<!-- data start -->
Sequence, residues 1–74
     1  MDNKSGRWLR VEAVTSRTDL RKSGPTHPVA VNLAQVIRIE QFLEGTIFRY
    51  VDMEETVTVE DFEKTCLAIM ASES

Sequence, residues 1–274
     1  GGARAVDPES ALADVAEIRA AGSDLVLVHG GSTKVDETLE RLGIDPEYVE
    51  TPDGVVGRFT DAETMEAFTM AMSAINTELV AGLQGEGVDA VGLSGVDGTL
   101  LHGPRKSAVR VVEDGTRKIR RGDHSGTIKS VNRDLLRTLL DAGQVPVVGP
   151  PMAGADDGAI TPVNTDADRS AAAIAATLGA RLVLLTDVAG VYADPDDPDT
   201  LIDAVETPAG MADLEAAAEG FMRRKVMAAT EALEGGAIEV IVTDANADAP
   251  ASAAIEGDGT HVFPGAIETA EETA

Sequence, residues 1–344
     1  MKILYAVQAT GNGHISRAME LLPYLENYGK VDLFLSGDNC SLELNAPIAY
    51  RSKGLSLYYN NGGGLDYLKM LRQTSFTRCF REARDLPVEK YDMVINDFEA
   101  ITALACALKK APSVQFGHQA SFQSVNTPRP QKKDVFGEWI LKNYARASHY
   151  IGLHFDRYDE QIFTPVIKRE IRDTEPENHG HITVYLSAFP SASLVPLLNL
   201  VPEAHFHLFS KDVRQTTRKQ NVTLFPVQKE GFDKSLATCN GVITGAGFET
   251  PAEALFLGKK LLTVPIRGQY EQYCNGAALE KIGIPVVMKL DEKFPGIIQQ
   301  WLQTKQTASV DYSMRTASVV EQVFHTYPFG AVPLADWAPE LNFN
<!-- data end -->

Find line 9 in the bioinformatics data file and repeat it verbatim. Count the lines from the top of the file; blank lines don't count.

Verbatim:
   201  LIDAVETPAG MADLEAAAEG FMRRKVMAAT EALEGGAIEV IVTDANADAP